A Melting Pot Of Skills Goes A Long Way In The World Of Work

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Key skills include digital literacy, problem solving, adaptability, critical thinking and being able to communicate effectively. While many of these essential skills which are touted for the future of work can be studied for, some are learned – and sometimes the long and arduous way.


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The old adage if at first you don’t succeed, try again could have been written for Denice Dumisa.

Today the 26-year-old, originally from Bushbuckridge in Mpumalanga but now resident in Johannesburg, is part of Astron Energy’s graduate internship programme, working at the company’s Alberton Alrode Terminal.

Three years prior he was working long hours as a petrol attendant at the Rabie Fontainbleau Caltex service station in Randburg, Johannesburg, whilst also studying towards a degree in logistics at the University of Johannesburg.

Just getting to that point had been an exercise in determination and perseverance, and some good fortune.

Dumisa had moved to Joburg and completed his primary and secondary schooling there. 

“I completed matric in 2014 but we struggled to make ends meet,” he says of this time.

However, the school leaver is blessed with a natural drive and enrolled to study Early Childhood Development part-time while he started working at a food production facility.

“However, we were retrenched and this was a very difficult moment in my life.”

“I then ended up working short stints in retail, including a furniture store, a butchery, and even started a small business collecting and selling scrap, trying everything in order to survive,” he says.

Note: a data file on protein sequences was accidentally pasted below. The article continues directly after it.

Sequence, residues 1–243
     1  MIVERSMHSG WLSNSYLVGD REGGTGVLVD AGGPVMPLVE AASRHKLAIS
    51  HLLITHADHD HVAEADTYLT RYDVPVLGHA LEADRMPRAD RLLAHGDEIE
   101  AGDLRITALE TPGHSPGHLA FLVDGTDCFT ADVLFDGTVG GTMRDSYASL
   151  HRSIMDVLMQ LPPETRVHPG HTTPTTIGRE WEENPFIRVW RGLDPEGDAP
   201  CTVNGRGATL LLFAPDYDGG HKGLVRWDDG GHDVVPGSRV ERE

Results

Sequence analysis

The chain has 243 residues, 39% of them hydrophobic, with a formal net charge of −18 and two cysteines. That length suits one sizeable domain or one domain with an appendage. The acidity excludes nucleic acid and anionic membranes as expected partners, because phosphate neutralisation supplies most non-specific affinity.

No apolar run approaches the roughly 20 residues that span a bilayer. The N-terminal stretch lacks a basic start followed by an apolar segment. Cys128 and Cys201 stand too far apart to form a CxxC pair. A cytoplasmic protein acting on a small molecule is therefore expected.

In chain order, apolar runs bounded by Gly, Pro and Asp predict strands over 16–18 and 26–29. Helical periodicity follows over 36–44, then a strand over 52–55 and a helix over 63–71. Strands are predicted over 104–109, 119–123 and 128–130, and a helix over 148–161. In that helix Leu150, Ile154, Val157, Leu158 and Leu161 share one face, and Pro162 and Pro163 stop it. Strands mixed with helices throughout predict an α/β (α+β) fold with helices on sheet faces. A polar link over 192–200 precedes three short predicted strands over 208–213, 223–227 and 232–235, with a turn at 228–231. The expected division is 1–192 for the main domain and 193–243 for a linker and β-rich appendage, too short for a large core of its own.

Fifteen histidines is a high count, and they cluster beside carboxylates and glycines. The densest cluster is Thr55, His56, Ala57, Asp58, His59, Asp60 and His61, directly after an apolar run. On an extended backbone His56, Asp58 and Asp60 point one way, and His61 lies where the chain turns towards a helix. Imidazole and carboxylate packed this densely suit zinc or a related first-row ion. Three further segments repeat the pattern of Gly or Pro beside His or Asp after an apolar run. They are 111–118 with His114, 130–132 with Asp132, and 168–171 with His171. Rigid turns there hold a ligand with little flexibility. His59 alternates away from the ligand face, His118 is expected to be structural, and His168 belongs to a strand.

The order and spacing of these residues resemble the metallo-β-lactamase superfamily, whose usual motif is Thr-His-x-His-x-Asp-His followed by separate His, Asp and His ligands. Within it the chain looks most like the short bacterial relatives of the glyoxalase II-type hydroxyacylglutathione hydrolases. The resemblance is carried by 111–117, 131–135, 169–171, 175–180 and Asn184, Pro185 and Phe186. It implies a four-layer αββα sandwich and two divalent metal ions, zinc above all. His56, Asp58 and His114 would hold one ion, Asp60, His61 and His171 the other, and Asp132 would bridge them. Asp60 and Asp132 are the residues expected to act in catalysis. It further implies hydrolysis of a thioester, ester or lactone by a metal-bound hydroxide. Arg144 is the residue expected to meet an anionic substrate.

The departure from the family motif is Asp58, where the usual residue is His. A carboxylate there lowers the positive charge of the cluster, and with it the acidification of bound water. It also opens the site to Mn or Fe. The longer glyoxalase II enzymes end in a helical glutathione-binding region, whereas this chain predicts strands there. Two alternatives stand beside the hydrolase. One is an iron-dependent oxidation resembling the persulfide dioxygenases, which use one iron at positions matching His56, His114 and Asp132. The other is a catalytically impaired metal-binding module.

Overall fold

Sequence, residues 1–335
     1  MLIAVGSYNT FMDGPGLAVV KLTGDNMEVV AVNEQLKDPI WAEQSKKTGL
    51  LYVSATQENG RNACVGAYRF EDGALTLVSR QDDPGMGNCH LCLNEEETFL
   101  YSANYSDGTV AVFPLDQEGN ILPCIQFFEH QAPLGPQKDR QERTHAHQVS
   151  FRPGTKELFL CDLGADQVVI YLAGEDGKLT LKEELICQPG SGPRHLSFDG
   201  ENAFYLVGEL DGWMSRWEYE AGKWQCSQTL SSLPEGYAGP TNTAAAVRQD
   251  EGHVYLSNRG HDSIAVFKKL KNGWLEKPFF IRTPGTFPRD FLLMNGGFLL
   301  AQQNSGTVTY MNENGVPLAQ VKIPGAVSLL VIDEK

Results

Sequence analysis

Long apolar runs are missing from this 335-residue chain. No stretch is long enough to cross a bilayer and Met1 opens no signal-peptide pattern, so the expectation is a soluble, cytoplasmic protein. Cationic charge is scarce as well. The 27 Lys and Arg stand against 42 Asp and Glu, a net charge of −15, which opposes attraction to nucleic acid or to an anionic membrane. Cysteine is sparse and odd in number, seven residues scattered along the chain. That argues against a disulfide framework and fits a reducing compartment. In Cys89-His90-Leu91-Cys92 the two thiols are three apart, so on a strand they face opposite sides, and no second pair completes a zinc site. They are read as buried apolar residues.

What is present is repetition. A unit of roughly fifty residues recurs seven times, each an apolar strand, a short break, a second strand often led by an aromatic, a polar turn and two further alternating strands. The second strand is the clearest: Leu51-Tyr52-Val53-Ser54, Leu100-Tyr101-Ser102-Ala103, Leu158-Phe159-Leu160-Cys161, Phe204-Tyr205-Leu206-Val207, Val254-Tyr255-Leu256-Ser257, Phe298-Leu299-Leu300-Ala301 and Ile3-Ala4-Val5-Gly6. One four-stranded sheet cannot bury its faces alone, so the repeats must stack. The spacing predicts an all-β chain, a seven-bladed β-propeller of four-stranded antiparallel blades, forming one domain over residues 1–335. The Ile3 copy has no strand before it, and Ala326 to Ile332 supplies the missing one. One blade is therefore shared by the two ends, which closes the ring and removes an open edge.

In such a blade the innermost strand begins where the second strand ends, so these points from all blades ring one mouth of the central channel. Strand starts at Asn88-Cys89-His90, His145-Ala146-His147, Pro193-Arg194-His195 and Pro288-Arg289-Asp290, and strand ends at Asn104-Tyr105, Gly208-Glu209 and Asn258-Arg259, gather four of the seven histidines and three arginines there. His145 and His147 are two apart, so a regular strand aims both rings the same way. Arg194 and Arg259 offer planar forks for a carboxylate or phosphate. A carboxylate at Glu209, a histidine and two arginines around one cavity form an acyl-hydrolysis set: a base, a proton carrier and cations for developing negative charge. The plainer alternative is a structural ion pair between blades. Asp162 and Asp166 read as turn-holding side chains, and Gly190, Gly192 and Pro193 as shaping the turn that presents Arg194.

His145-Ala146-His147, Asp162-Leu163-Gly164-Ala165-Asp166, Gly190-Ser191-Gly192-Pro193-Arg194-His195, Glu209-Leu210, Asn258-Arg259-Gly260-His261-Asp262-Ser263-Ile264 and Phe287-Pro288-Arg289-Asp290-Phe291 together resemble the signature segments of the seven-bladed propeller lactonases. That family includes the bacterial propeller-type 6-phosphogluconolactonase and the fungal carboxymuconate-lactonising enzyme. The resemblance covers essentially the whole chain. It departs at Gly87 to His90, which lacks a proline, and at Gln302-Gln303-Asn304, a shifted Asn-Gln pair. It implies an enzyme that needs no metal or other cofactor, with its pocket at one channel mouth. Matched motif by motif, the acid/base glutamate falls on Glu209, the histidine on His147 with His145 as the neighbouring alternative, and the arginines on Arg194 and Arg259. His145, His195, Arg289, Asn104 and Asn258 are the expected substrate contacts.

He was forced to give up his studies due to lack of funding. It was some time after his retrenchment when he found himself in Gandhi Square, the famous Joburg landmark, where he saw and was inspired by students milling around.     

“It made me want to change the course of my life,” he recalls.

There and then Dumisa walked the seven kilometres or so to the University of Joburg’s Auckland Park campus with a view to obtaining information and registering for the academic year. 

“However, when I got there it was already closed and I was told to come back the next day.”

He returned and applied to study logistics even though he had no money for the registration fee and was forced to ask around for assistance in the area. A local businessman heard of his plight and paid his registration fee. 

“It was the breakthrough of my life,” he says.

He applied himself to his studies and continued to work-part time as a service station attendant at Caltex at Fontainbleu to pay his way through varsity.

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